The steps of the method are performed by configuring a current data capture system with a set of configuration parameters operative for enabling the current data capture system to capture transaction data, by providing at least one additional data capture system to be configured with the set of configuration parameters, by pulling the set of configuration parameters from the current data capture system, and by pushing a pulled set of configuration parameters to the at least one additional data capture system to enable the at least one additional data capture system to capture the transaction data.
Hence, configuration settings from a current data capture system are seamlessly migrated or transferred to one or more additional data capture systems, even when the systems are of different types, without having to have actual knowledge of the configuration settings. There is no downtime associated with having to manually scan special configuration bar code symbols, or with having to individually connect each system to a dedicated computer.
The novel features which are considered as characteristic of the invention are set forth in particular in the appended claims. The invention itself, however, both as to its construction and its method of operation, together with additional objects and advantages thereof, will be best understood from the following description of specific embodiments when read in connection with the accompanying drawings.
As used herein, the term “symbol” broadly encompasses not only symbol patterns composed of alternating bars and spaces of various widths as commonly referred to as bar code symbols, but also other one- or two-dimensional graphic patterns, as well as alphanumeric characters. In general, the term “symbol” may apply to any type of pattern or indicia that may be recognized or identified either by scanning a light beam and detecting reflected or scattered light as a representation of variations in light reflectivity at various points of the pattern or indicia.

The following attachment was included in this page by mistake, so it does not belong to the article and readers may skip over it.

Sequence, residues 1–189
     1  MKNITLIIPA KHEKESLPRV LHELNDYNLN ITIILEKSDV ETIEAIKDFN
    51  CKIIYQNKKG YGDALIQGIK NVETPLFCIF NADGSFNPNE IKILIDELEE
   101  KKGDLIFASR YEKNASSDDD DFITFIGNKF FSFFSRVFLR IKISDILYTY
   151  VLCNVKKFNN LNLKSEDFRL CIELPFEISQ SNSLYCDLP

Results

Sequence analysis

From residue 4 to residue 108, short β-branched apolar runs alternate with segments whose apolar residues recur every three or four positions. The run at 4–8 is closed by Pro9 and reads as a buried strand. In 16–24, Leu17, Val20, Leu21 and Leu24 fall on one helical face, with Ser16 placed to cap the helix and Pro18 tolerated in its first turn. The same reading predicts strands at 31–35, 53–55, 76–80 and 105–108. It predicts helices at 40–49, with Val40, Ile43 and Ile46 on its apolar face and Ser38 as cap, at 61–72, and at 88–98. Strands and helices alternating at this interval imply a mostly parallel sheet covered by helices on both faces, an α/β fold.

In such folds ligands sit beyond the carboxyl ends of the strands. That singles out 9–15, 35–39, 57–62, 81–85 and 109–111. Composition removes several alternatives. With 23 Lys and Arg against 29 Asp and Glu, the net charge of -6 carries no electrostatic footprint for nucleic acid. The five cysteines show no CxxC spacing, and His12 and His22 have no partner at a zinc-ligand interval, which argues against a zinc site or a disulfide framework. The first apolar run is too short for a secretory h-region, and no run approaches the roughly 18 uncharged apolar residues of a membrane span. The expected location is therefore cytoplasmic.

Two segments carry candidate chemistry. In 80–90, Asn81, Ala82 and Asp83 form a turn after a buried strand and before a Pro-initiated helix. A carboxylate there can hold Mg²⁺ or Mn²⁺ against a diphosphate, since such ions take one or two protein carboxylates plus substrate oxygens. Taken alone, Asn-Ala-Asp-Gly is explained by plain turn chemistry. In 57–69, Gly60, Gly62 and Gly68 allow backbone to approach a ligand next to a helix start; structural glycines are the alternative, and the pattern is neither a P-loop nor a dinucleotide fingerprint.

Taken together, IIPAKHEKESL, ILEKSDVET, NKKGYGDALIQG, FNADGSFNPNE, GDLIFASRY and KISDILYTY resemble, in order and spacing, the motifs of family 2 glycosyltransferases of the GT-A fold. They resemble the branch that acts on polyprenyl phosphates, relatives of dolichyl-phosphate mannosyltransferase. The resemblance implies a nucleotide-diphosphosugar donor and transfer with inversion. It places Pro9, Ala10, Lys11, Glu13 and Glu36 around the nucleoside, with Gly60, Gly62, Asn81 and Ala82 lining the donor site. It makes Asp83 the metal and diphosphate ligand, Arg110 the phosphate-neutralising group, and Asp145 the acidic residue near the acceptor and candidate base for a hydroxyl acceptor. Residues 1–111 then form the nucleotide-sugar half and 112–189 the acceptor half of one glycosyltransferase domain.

The laser beam 14 moves across the symbol 15 to create a scan pattern. Typically, the scanning pattern is one-dimensional or linear, as shown by line 16. This linear scanning movement of the laser beam 14 is generated by an oscillating scan mirror 17 driven by an oscillating motor 18. If desired, means may be provided to scan the beam 14 through a two-dimensional scanning pattern, to permit reading of two-dimensional optically encoded symbols. A manually-actuated trigger 19 or similar means permit an operator to initiate the scanning operation when the operator holds and aims the device 10 at the symbol 15.
The scanner device 10 includes a laser source 20 mounted within the housing. The laser source 20 generates the laser beam 14. A photodetector 21 is positioned within the housing to collect at least a portion of the light reflected and scattered from the bar code symbol 15. The photodetector 21, as shown, faces toward the window 13 and has a static, wide field of view characteristic of the non-retro-reflective readers described above. Alternatively, in a retro-reflective reader, a convex portion of the scan mirror 17 may focus collected light on the photodetector 21, in which case the photodetector faces toward the scan mirror. As the beam 14 sweeps the symbol 15, the photodetector 21 detects the light reflected and scattered from the symbol 15 and creates an analog electrical signal proportional to the intensity of the collected light.